Yet, Charles mostly avoided intense criticism for her departure because of the familial focus that drove her desire for a change. As McPherson explains:

“[W]e can also read the familial narratives that populate discussions of the WNBA as more than simply attempts to recontextualize muscular women within the space of domesticity. While they may be that, they are also racialized narratives, intent on embracing a domesticated and embodied version of black femininity at the expense of the agency and histories of actual women.”

By emphasizing her intent to play basketball close to her family, Charles made her agency more acceptable. Her move was defined by daughterly devotion. After the trade, Charles shared:

“Growing up, my mom took me to Liberty games. I would see Rebecca Lobo, Becky Hammon, Teresa Weatherspoon. My AAU team would play [in the Garden] during halftime. So this is just a big dream for me.”

Charles’ significant charity activities have also coded her as an acceptable woman athlete. Highlighted by her Hopey’s Heart Foundation, established in honor of her aunt, Charles demonstrates, in the words of McPherson, the “caring, cooperation and spirit” that together encourage the ambition of black women to be seen as safe.

Why it was not okay for Chiney Ogwumike to request a trade

Soon after sending Charles to New York City, the Sun selected Chiney Ogwumike with the No. 1 pick in the 2014 WNBA Draft. Unlike Whalen and Charles, Ogwumike has not enjoyed a relatively seamless ascent into the WNBA’s elite.

After a Rookie of the Year season in 2014, Ogwumike missed the following season due to micro-fracture knee surgery. In 2016, she won the WNBA’s Comeback Player of the Year award only to again have her career jump off course in 2017, when she tore her Achilles. Last season, she secured her first All-Star selection, all while continuing to establish herself as an intelligent and engaging media personality with ESPN. Ahead of the 2019 season, it appears Ogwumike desired to advance both her basketball and media aspirations, something she determined she best could achieve in Los Angeles.

As clear in her Twitter message, Ogwumike has sought to center her family in her basketball story. Nevertheless, her decision has been deemed to exceed the acceptable woman athlete narrative. Even though she will be suiting up alongside her older sister, evidence, especially her new deal with ESPN, suggests her media career mostly motivated her move to Los Angeles. This clear objective appears to have encouraged criticism.

The WNBA has promoted itself as ready to celebrate women who “make way.” Yet, Ogwumike’s effort to “make [her] way” to Los Angeles has not resulted in a celebration of her intentions. Instead, the rumors and rumblings that continue to surround her arrival in L.A. suggest a discomfort with Ogwumike’s evident ambition.

As documented in detail by High Post Hoops, the women’s basketball Twittersphere has remained abuzz with debates about the supposed hows and whys of the Sun’s trade of Ogwumike.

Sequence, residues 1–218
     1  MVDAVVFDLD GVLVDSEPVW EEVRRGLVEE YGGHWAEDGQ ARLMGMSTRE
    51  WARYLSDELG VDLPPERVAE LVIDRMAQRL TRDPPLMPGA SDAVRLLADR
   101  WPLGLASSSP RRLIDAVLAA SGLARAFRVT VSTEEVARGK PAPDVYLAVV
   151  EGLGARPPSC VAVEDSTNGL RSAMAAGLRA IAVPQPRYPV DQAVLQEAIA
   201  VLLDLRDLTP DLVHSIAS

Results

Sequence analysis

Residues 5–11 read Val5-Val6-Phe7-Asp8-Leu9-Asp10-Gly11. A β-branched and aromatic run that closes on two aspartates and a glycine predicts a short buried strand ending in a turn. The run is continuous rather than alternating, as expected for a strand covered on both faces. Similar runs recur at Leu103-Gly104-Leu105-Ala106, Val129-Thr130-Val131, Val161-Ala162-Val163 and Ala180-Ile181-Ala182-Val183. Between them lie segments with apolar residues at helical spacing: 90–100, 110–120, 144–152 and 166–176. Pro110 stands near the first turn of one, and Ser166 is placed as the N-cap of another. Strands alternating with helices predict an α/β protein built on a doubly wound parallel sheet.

In particular, Sun President Amber Cox has shown herself willing to litigate and legislate the trade, engaging in Twitter exchanges with fans in ways that impugn Ogwumike’s motivations.

Cox resorts to the tired tropes of loyalty that long have been used to criticize athletes who have elected to exercise their agency. The Sun’s reported belief that Ogwumike was willing to sacrifice her WNBA career and work full-time for ESPN if she was not traded also works to cast her as selfish, criticizing her for not possessing unconditional commitment to Connecticut.

Of course, some of the Sun’s defensiveness likely stems from a desire to justify the relatively light return they received for Ogwumike, only a 2020 first-round pick from a likely playoff team.

However, the Sun’s coming salary cap crunch makes the underwhelming exchange more understandable. As intimated by Ogwumike and her agent Allison Galer, it is possible that the Sun already were contemplating off-loading Ogwumike. It also is worth noting that Ogwumike, primarily due to injury, was not as successful with the Sun as Whalen and Charles, seemingly making moving her easier to stomach for the squad.

These details confirm that the continued reaction to the Ogwumike trade can better be explained by the ways in which her desires do not fit an established, appropriate script. Ogwumike’s move to Los Angeles is not a gauzy homecoming story. Instead, she is a young, striving black woman, seeking to get ahead both on and off the court. As she expressed in her recent short documentary with UNINTERRUPTED, “Becoming More”:

“Why not explore the ultimate boundaries? Like, to me, it’s a mission. I want people to understand that WNBA players are capable of more. Female athletes are capable of more. Women of color are capable of more.”

WNBA teams must practice what they preach

For all its proclaimed progressiveness, women’s basketball culture remains wedded to outmoded expectations that implicitly police women’s ambitions.

As demonstrated by Whalen, now the head coach of her alma mater, and Charles, a film director with the Tribeca Film Festival on her résumé, the women of the WNBA can achieve great things even as they follow expectations.

However, women should not have to follow such expectations. The demand that women primarily present themselves in ways that fulfill familial roles serves to preserve status quo racial, gender and sexual hierarchies.

The continued conversation that has surrounded Chiney Ogwumike as she has made her way to Los Angeles (as well as the recent resolution of the Liz Cambage situation) should spark a questioning of the norms that have worked to discourage the ambition that WNBA supposedly seeks to encourage.